Ok, it's much clearer now.. Thanks for the help guys, I think i understand the principal. But if you look at the photo, the filtered part is slimmer than the rest. So I guess they have the graduated filters at different positions as well ? or is it just even. starting at no filter and going to a D8 gradually through out the entire lense? or does the filtering start at different positions depending on the link.

    Westernguy, thanks for the link I'll hop there and read it! This sounds interesting . No more Silhouettes lol yeah!!
    Liban

    "There is nothing like returning to a place that remains unchanged to find the ways in which you yourself have." Nelson Mandela

    Nikon Samurai #23 - The Alexei Ponikarovsky of PR

    Havana Cuba Photography

  7. #7
    Senior Member Dylan8i's Avatar
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    Re: My greatest challenge - back lit

    theres round ones, that arnt very good because it is a fixed line. there are also square ones that you can move around ( its larger than the lense opening) to position the line where you want it.

    there are also ND filters that have a hard line between the dark and light sides, and ND filters that are all dark.
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  8. #8
    Re Member LeeIs's Avatar
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    Re: My greatest challenge - back lit

    Ah, makes sense Dylan, Thanks! it's all coming clear now. I think i got a grasp of it. I'm gonna look in to these filters and read more. Thanks a bunch guys. u guys cleared up for me real quick!
    Liban

    "There is nothing like returning to a place that remains unchanged to find the ways in which you yourself have." Nelson Mandela

    Nikon Samurai #23 - The Alexei Ponikarovsky of PR

    Havana Cuba Photography

  9. #9
    has-been... another view's Avatar
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    Re: My greatest challenge - back lit

    ND Grad filters are worth their weight in gold for situations like this, as others have said. One thing that helps when positioning them is to use the depth of field preview button at whatever aperture you'll use with the shot (probably something along the lines of f8 or f11 in a case like this). This is different than looking through the viewfinder wide open - I don't know why, but it is...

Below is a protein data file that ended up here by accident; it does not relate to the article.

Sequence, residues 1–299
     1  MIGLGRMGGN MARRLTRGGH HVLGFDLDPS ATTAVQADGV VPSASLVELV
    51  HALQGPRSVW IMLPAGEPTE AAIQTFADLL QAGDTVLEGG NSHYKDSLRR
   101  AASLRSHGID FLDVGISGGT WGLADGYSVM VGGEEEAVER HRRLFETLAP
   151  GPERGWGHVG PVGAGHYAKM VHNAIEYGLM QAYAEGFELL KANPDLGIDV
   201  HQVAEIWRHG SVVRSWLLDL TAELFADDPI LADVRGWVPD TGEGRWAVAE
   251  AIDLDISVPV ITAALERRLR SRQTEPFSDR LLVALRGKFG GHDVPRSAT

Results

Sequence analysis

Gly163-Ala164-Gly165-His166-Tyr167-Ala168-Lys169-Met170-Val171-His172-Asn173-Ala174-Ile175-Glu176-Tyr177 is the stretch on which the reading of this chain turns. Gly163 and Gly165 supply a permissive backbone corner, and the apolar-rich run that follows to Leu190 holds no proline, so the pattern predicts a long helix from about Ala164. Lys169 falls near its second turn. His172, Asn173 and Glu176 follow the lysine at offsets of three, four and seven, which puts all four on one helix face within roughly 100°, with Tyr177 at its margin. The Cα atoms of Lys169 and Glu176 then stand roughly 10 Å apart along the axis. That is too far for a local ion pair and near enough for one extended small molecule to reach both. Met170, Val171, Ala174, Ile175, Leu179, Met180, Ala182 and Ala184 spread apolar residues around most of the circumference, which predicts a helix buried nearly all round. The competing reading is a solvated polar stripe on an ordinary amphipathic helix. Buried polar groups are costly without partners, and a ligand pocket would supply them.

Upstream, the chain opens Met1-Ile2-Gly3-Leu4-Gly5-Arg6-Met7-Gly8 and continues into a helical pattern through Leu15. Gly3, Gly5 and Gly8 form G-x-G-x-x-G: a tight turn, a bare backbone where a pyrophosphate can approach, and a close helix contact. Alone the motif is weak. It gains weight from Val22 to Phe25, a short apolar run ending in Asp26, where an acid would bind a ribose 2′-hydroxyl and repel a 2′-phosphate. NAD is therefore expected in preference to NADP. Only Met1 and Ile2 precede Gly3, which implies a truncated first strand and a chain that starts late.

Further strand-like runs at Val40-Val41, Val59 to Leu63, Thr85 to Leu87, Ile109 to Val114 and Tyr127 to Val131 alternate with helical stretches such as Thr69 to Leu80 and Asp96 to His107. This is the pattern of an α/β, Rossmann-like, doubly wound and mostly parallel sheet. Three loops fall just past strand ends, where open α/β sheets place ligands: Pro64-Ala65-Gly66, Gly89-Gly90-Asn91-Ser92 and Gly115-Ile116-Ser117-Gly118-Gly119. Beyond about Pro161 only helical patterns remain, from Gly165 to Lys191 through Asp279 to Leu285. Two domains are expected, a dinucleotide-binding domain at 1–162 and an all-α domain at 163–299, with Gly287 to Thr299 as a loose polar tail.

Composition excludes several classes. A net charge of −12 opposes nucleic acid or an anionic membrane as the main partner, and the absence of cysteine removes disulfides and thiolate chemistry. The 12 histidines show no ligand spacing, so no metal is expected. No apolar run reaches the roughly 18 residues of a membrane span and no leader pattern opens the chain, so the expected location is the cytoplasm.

One thing - please don't post images taken by someone else. It would be better to post a link to the shot rather than the shot itself. This is out of respect for the photographer and also due to copyright laws.

  10. #10
    Re Member LeeIs's Avatar
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    Re: My greatest challenge - back lit

    Yeah i was wondering about that copyright stuff myself before posting this. I even put on a watermark of the photographer's name 'joseph' which wasn't on the original shot for that very reason. But i'll remove it now since the question has been addressed.

    This whole ND filter stuff is fascinating.
    Liban

    "There is nothing like returning to a place that remains unchanged to find the ways in which you yourself have." Nelson Mandela

    Nikon Samurai #23 - The Alexei Ponikarovsky of PR

    Havana Cuba Photography

  11. #11
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    Re: My greatest challenge - back lit

    I wish I would have caught this thread before the pic was removed. Is there a link to the photo in question?

    BM

  12. #12
    Re Member LeeIs's Avatar
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    Re: My greatest challenge - back lit

    just pm'ed u. check your messages.
    Liban

    "There is nothing like returning to a place that remains unchanged to find the ways in which you yourself have." Nelson Mandela

    Nikon Samurai #23 - The Alexei Ponikarovsky of PR

    Havana Cuba Photography